The weather was on-and-off rainy all weekend, but Sunday morning was particularly nice and Matthew took me to the Teufelsmauer, or "Devil's Wall".  It is made up of several unusually-shaped rocks tainted black chained together and, in some cases, incredibly still standing.  I was mesmerized by the eerie colors of the rocks combined with the color of the sky (which reminded me of the purply-blue colors of the sky in Alsace), the yellowish colors of the winter grass, and the orange rooftops of the small towns surrounding the rocks.  Walking up and down the rocks felt like walking through a painting, color-wise, at least.

Afterwards, we went back to Quedlinburg and took shelter from the rain inside the brauhaus (brewery).  We sampled Quedlinburg's locally-brewed beer, Lüdde, and had the bierfleisch for dinner, an incredible local meat, dumpling, and cabbage plate.

More useful German vocab:

vom Fass - on tap

Not a brand of German beer.

I enjoy traveling solo, but it was wonderful to stay with a friend and fantastic host for a bit.  Seeing a familiar face here in Europe is also refreshing from time to time.  Quedlinburg, though small, has two thumbs up from me if you're looking for a day or two of relaxation before you hop on another FlixBus to your next destination!

03 March 2017

'Tis the Season

Thanksgiving.  It always seems to be the bane and the joy of the expat's existence.  We love putting on a delicious and authentic dinner for our local friends, but we always have to get creative when it comes to ingredients and recipes.

This year was no exception, but I had a bit more support living with two other Americans.  We also had a few more guests than I was accustomed to: a group of around fifteen, which was incredible and often scary considering the state of our moody kitchen appliances and the tiny size of our dining room.  We put in an order of "authentic" food and ingredients from, and successfully whinged the rest of it.  Our French friends Paul and Amandine took care of the "turkey", which was actually...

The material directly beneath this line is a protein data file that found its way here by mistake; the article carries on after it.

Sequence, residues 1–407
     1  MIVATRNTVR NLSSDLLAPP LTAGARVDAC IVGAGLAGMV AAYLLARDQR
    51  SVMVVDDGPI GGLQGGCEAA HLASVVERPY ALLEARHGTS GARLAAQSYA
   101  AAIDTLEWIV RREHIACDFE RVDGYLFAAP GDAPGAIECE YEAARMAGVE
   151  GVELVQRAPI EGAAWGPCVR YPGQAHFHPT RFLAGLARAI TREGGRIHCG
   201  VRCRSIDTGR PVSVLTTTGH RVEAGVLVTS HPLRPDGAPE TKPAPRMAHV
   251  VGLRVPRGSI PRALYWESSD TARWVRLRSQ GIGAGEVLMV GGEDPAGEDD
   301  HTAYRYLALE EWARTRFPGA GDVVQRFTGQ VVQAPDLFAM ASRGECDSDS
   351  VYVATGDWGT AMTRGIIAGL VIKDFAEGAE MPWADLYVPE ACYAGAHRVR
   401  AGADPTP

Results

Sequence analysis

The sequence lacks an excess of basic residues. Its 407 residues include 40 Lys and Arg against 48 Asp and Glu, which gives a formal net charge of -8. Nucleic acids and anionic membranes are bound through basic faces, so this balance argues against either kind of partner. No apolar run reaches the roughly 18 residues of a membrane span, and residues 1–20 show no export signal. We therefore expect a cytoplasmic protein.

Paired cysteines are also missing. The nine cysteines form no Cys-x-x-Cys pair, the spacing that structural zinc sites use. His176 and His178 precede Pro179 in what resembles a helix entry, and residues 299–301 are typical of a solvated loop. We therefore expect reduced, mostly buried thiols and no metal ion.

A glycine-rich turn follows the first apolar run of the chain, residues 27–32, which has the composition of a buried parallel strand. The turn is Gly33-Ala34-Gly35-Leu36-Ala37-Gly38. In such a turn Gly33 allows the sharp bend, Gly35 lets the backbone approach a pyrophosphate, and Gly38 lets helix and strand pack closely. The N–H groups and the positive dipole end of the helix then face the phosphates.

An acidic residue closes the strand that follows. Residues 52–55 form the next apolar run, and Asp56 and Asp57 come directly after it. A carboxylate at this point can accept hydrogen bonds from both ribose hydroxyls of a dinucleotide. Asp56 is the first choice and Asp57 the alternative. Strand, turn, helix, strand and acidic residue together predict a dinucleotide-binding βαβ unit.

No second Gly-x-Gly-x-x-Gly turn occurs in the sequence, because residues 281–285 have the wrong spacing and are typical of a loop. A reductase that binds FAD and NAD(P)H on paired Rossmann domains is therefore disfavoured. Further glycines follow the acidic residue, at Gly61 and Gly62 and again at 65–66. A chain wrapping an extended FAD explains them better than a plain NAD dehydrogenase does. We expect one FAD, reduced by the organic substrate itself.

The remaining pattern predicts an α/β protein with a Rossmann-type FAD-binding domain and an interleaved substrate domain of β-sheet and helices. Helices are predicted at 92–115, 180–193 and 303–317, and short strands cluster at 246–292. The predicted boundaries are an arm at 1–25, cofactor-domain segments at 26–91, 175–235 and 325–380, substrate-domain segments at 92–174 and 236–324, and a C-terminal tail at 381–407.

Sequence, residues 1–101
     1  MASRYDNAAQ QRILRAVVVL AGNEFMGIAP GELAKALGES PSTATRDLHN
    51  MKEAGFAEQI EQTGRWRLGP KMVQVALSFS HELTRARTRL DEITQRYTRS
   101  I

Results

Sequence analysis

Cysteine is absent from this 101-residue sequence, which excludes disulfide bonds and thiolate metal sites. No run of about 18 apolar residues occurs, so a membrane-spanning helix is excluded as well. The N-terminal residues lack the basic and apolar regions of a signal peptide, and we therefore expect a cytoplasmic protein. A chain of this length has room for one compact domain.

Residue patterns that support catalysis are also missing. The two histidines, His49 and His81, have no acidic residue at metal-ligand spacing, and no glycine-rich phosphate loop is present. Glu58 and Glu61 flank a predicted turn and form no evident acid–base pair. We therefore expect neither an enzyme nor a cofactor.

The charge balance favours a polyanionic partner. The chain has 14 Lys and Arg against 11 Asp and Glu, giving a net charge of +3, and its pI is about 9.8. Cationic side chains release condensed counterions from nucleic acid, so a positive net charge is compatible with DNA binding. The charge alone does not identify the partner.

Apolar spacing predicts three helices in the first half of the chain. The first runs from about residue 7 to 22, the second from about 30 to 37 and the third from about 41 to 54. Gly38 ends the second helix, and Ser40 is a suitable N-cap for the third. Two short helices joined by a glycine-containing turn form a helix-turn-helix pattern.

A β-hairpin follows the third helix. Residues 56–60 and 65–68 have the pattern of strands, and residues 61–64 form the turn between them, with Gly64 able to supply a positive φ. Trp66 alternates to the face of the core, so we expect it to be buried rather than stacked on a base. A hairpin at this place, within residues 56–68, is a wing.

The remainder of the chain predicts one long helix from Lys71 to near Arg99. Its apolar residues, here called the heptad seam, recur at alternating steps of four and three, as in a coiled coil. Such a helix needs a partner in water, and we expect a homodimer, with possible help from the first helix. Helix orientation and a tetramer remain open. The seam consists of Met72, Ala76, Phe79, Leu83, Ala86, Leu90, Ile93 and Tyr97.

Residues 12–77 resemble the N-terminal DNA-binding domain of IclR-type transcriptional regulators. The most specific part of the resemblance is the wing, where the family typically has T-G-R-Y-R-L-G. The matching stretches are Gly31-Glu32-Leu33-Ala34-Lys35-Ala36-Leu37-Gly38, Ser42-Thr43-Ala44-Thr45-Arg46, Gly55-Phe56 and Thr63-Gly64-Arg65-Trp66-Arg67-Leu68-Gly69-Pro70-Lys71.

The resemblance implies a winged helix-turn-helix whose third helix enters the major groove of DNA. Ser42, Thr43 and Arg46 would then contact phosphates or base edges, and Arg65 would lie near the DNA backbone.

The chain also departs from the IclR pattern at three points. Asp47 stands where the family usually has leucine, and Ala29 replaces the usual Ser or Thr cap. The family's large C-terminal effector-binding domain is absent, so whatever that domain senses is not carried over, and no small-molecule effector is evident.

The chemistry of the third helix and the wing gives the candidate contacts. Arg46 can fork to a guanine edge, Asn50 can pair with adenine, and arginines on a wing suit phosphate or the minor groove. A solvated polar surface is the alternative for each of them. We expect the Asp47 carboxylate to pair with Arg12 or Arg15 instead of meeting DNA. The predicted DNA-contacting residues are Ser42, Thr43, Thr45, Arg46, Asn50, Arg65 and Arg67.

French Word of the Day
un chapon - a capon

...which I had never heard of before, but it was delicious and turkey-like, so I say it counts.

Thanksgiving is my favorite holiday, so mishaps and authenticity (or lack thereof) aside, it's always heartwarming to be able to share a meal with wonderful people, wherever I find myself.

At the same time, it was the dawn of marché de Noël (Christmas market) season in Europe.  Lille actually has a pretty puny market, but redeems itself with a gigantic ferris wheel in the Grand Place.  The first photo I published in my post about Lille comes from the top of that ferris wheel during the one moment I wasn't whimpering and cowering due to my fear of heights.  Safe on the ground, there are also festive Christmas trees and decorations for kids to visit.

Along the Champs-Elysées
Lille wasn't my only Christmas market experience this year.  After seeing Notre-Dame de Paris (in Paris), Dana and I hit the market on the Champs-Elysées.  Glitzy and glamorous and completely over-crowded, with delicious waffles and unique yearly vin chaud cups, it's a must-see.  Here is a video of the twinkling lights along the part closest to the Arc de Triomphe.

Another weekend, I went with a group of friends to the largest Christmas market in the north of France in a city called Arras.  Arras is known for its unique architecture (see the lined Flemish-Baroque-style buildings in the photo to the left).  It was also a hotspot during WWI, only a few kilometers from the battles of Vimy Ridge and others.  During WWII, Arras was occupied by the Germans for a time before being liberated by British forces.

Arras has a massive square in the city center called the Place des Héros, perfect for a spacious market.  Later in the day, the market filled with people and it was difficult to move around, but the early afternoon was a perfect time to meander and enjoy.  We ate typical Alsatian specialties and perused the hundreds of stands in the square.
Dana and me in Arras

Jeff, me, Paul, Amandine, and Dana
Chandelier at the Opéra
Noël was celebrated back in the Minnesotan polar vortex, but upon returning to Lille, I did get to enjoy a lovely Christmas gift from Dana: tickets to the Opéra de Lille.  We went to see the Handel opera Il Trionfo del Tempo, which was lovely music-wise but the interpretation was very modern.  Our seats were in a small box up on the top story with a Canadian couple who were kind enough to explain to us what was generally happening.  Either way, it was a relaxing Saturday evening, and we got to admire the beautiful architecture and art of the Opéra building itself.

I was jetlagged and slept through le nouvel an 2017, so the next major holiday to note was Galentine's Day, celebrated a day late on Valentine's Day, with my two guy roommates.  After work, Jeff and Dimitri and I made a delicious American-style breakfast for dinner before snacking on fine chocolate and watching Parks and Recreation and Mean Girls all evening, as Americans do.

Galentine's Day breakfast for dinner
The months are flying by.  Next up:  St. Paddy's Day?